The greatest growth in international Australian Rules Football in recent years has been in the island countries surrounding Australia. Their location makes this no surprise, but until the 1990s, there was no real sign of the developments to come. Now two strong countries have emerged, with New Zealand and Papua New Guinea numbers exploding, and several new nations have begun the struggle to establish the sport.
It was pleasing to see that international footy received some recognition in the Australian Football League's season review. Although small, it is another small step as the game's growth around the world receives more attention.
South Africa stands alone as a beacon for Aussie Rules in Africa (with the exception of some junior clinics in Kenya). If it can become a major sport in that country, there could easily be a natural spread to surrounding nations, as South Africa is the economic powerhouse of the continent, providing employment for hundreds of thousands of immigrants. World Footy News reviews last year's numbers in this third instalment of its 2004 census.
Greece have won the Australian Football Multicultural Cup for 2005, defeating traditional rivals Turkey by 14 points in the final. Eight sides, representing Melbourne's Croatian, Turkish, Greek, Vietnamese, Italian, Israeli, Lebanese and Aboriginal communities were on show, with the day held in great spirits in keeping with Harmony Day.
In good news for the many fans of Australian Rules Football outside Australia, several options for overseas fixtures are being considered for 2005 and 2006, with England, New Zealand, the US and United Arab Emirates all being mentioned.
World Footy News has often been criticised for its informal association with Brian Clarke's IAFC. Although we have argued that the only real linkage is the display of their logo and the volunteer work done by this author, the case has obviously not been made strongly enough. And clearly this author was sympathetic to their cause. However, it is our opinion that WFN has been held back by this perception. In this editorial we wish to make the clear distinction and in fact make it clear that even those loose ties have now been cut. I have thought long and hard about whether to air our reasons, but in fairness to all our supporters, and all the people I have lobbied on behalf of Brian Clarke, I feel they deserve an explanation of how this decision has come about over the lifetime of WFN.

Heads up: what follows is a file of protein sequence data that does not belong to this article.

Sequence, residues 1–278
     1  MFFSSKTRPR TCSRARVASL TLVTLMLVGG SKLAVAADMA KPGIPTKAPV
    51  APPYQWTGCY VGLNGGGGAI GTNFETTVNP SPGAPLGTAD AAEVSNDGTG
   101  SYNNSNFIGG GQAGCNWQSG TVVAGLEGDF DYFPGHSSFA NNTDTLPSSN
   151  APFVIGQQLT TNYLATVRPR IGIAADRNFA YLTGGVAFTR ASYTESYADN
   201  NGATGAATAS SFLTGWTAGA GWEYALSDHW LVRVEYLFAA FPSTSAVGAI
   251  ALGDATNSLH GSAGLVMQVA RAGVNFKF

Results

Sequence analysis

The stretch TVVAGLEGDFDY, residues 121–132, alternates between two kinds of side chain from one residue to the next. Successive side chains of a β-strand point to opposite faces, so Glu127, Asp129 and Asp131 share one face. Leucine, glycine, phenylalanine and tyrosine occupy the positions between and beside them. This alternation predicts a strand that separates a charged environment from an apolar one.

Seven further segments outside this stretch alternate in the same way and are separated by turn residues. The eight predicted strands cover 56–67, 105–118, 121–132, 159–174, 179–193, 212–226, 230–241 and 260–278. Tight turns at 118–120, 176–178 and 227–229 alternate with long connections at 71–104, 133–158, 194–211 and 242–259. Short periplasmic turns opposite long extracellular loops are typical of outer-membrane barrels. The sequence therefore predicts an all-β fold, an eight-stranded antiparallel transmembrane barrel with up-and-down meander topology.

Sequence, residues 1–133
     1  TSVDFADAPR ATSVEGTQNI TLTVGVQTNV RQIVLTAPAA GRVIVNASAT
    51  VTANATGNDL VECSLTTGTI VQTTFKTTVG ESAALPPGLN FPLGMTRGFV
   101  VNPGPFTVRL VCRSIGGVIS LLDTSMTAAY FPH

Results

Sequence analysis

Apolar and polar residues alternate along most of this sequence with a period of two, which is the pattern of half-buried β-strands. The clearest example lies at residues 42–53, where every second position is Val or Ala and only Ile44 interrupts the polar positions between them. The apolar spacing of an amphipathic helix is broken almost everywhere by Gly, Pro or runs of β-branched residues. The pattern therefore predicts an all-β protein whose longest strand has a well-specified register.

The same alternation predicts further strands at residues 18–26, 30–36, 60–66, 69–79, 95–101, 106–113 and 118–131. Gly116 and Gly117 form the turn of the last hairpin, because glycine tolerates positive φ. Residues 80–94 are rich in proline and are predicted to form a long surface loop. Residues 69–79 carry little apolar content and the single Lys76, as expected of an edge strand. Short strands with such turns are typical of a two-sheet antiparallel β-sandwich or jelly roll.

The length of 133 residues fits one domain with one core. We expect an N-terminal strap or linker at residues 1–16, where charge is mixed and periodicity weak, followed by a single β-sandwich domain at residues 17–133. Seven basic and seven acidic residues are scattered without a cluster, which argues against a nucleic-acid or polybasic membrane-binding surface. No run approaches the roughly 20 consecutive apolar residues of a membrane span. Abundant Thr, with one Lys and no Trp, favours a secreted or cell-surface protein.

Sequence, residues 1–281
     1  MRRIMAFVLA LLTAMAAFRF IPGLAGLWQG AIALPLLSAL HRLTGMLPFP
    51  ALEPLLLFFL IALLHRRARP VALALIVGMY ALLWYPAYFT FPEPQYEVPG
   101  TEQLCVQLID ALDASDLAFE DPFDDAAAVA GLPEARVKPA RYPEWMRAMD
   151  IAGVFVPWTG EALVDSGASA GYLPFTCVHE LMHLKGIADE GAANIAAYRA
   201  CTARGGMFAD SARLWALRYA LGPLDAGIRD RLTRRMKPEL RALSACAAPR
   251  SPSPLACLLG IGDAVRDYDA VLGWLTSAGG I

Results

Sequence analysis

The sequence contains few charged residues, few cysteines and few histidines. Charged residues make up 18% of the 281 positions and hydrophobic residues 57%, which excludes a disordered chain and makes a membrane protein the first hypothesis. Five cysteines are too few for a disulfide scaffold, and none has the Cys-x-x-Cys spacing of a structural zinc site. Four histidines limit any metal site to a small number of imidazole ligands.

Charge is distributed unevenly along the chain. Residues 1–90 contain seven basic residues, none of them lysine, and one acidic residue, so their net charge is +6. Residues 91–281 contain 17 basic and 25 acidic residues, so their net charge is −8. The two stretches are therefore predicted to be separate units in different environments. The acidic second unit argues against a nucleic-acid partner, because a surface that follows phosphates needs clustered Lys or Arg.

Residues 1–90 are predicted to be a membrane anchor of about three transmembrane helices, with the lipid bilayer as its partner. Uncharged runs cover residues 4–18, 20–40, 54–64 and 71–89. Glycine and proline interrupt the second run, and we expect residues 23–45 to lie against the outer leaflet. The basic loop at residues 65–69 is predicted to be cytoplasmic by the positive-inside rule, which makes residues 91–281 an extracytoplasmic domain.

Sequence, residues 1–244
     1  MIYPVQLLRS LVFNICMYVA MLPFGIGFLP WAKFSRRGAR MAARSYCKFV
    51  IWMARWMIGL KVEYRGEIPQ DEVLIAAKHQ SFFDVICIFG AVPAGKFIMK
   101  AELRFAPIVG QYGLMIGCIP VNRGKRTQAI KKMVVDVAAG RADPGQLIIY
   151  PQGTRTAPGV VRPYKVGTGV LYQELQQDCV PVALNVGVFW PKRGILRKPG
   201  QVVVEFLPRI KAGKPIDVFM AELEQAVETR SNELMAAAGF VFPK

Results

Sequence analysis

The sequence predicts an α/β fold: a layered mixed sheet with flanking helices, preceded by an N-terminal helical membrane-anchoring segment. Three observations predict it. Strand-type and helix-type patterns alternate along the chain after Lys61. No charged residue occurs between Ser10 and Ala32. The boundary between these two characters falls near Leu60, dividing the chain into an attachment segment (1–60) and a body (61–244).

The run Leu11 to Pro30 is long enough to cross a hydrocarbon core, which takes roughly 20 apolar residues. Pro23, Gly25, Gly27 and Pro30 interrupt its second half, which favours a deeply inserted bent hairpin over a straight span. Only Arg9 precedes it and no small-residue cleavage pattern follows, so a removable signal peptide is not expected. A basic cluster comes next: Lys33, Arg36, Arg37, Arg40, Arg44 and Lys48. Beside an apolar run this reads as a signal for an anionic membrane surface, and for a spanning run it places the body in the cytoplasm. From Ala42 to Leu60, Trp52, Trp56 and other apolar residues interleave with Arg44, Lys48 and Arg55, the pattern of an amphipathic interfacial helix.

In this, the second results article in the World Footy Census 2004 series, we look at the European nations. The region has great potential with so many countries close to each other, but it also faces many challenges. The development of Australian Football can be seen at many levels in Europe.
Every year, a number of people take the initiative and start having a kick in their previously footy-foreign area. Some plan clubs, others plan leagues, some have huge plans of conquering the world. Sometimes these gather momentum and take flight - but sometimes they don't...
WFN takes a look at a few of the clubs and leagues that never quite made it, as well as some who haven't made it yet, but have never given up.
The AFL website has gone through major redesign. Of extra interest to world footy news readers will be the section under Game Develoment / International Leagues - it's now much easier to find, even if it hasn't been expanded in some time!
After first going online in July/August of 2004, World Footy News has built up to an average of about 200 hits a day. Some times of year have been busier than others, depending on how much is going on out there in footy land - but overall, stats suggest that a core readership is developing of regulars who check by a couple of times a week.
One interesting statistic is where some of the readers seem to be coming from...